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Believe it or Not: Religion and Spirituality at Vassar

A couple of weeks ago, a prospective student of the Class of 2014 sent me an e-mail as the contact for the Vassar Catholic Community (VCC). Some of his questions included: “What is it like being a religious student and the leader of a religious group at Vassar? Do you see Vassar as a place of atheism and soulless hedonism, to be blunt? Or are people irreligious but still effectively moral? Is there a spirit of service on campus, or are Vassar kids generally disinclined to interact with or help the Poughkeepsie community?”

In my e-mail response and the weeks following, I began to reflect on the last four years and what it has meant to be a “person of faith” at a renowned secular institution of higher education. For me, being a religious student has been a major part of my college experience although I didn’t expect it to be. I had come to Vassar as a practicing Catholic, more because my culture and family required it. I had some conscious investment in my faith, but it was largely shaped by the fact that it was what I grew up with. College gave me the freedom to decide whether my faith was a priority.

Becoming an active student of faith-through the VCC, the Inter-Religious Council and the Office of Religious and Spiritual Life-has probably been one of the most rewarding decisions I have made. It is in these communities where I found the most joy and the most frustration, where I questioned but sometimes couldn’t find the answers, and where relationships were built on the shared understandings of something greater than ourselves that move us to be compassionate, to love and to respect every life.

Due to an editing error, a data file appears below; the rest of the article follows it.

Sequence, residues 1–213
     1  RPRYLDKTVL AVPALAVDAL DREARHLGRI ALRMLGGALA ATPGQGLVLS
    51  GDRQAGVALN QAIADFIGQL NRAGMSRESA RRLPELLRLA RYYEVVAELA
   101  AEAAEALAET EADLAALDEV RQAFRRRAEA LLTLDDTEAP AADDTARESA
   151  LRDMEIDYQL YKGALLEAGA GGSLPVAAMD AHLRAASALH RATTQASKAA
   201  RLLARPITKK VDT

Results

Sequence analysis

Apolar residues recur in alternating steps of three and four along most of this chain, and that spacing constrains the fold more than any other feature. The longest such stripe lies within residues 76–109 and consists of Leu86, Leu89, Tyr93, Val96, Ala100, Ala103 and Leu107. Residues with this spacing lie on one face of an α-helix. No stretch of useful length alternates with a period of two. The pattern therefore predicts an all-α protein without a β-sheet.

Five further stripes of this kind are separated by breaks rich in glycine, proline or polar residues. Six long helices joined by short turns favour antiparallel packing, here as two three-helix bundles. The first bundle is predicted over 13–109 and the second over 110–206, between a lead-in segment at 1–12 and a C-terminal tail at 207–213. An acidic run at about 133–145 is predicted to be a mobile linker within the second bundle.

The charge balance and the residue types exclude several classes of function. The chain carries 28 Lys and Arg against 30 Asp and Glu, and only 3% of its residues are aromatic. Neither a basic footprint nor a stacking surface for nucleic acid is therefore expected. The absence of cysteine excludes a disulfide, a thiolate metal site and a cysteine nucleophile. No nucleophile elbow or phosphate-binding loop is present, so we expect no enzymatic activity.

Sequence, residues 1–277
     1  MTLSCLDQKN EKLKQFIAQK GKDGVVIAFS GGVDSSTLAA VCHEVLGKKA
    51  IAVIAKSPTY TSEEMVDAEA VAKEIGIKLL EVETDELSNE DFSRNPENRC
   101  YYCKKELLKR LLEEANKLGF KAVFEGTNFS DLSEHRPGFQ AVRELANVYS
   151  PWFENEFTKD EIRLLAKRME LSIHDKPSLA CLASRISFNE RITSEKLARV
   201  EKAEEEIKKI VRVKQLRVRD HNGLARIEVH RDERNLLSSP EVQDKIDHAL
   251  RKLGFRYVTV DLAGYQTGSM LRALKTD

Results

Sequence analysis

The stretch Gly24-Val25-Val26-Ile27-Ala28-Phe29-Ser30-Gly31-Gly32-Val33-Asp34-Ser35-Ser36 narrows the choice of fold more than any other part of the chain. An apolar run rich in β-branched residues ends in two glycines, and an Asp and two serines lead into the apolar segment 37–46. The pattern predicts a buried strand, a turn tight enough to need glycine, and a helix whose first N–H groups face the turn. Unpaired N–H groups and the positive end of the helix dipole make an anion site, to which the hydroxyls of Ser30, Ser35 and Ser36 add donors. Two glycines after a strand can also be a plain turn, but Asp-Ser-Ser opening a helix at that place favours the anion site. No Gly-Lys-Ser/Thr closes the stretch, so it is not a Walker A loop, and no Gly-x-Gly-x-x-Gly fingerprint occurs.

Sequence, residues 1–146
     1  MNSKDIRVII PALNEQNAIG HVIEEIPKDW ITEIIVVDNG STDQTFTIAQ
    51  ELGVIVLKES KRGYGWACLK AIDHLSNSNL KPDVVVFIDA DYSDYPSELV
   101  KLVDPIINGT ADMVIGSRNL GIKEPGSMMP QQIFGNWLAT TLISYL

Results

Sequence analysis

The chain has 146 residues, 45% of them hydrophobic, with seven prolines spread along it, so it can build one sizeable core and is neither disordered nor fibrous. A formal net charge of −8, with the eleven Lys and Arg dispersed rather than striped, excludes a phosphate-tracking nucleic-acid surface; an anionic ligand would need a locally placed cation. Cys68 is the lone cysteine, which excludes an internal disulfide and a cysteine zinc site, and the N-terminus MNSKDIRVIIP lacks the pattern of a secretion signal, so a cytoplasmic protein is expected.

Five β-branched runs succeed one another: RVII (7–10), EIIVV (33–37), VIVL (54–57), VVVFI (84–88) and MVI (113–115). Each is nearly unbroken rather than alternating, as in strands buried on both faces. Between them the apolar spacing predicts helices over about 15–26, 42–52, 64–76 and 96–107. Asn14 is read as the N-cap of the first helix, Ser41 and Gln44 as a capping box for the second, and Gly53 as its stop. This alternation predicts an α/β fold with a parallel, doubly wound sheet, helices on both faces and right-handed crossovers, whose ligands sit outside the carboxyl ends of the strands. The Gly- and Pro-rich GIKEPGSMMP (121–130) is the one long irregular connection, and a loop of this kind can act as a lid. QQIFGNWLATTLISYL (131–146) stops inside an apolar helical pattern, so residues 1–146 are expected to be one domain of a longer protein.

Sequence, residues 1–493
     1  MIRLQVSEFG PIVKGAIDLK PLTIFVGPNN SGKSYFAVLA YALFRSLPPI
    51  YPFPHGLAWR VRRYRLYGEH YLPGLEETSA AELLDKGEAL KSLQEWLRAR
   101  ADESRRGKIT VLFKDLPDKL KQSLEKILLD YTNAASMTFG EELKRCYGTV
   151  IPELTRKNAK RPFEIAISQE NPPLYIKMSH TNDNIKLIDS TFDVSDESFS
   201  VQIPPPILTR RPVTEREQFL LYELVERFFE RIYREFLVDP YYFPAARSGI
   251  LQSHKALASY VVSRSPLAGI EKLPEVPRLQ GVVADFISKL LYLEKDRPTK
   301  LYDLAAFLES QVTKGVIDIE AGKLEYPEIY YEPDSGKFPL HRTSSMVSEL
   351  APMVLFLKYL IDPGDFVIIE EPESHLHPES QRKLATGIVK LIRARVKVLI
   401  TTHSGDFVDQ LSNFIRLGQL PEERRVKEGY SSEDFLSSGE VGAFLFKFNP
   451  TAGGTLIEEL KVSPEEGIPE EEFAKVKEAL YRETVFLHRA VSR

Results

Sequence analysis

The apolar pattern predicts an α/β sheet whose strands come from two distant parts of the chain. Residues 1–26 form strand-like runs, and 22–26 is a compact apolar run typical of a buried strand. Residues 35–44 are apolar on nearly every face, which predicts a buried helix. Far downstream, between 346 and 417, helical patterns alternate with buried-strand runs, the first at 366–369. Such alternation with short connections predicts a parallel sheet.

Not to say that my undergraduate journey of spiritual and self-discovery has not been without a fair share of anger and frustration. It has been difficult being a student of faith, let alone a leader in the VCC for the past three years. There is a wide range of cultures and traditions among Catholic students, and not all share the same perspectives on the Church. Given the history and recent events in the Catholic Church, combined with the lack of a common language with which to talk about religion in general, students of faith here face enormous challenges in the attempt to integrate their faith with their college experience. Adding to this are the instances of negativity, disrespect and insensitivity that I have unfortunately observed on many occasions by the College community towards religious groups.

Despite this however, Vassar is a school that attracts intellectuals, thinkers and activists who think outside, above and beyond the box. Where there are students who are adamantly agnostic or atheist, there are students who truly want to live out the cornerstones of their tradition. The religious and spiritual communities are important, thriving and passionate parts of student life, and together, they contribute to a spirit that exists in the greater college community-one that yearns to celebrate, serve and protect the human experience. It is perhaps this spirit, this joy, this struggle, that I will miss, yet also take with me as I leave this place and go beyond the stone walls of Vassar College.

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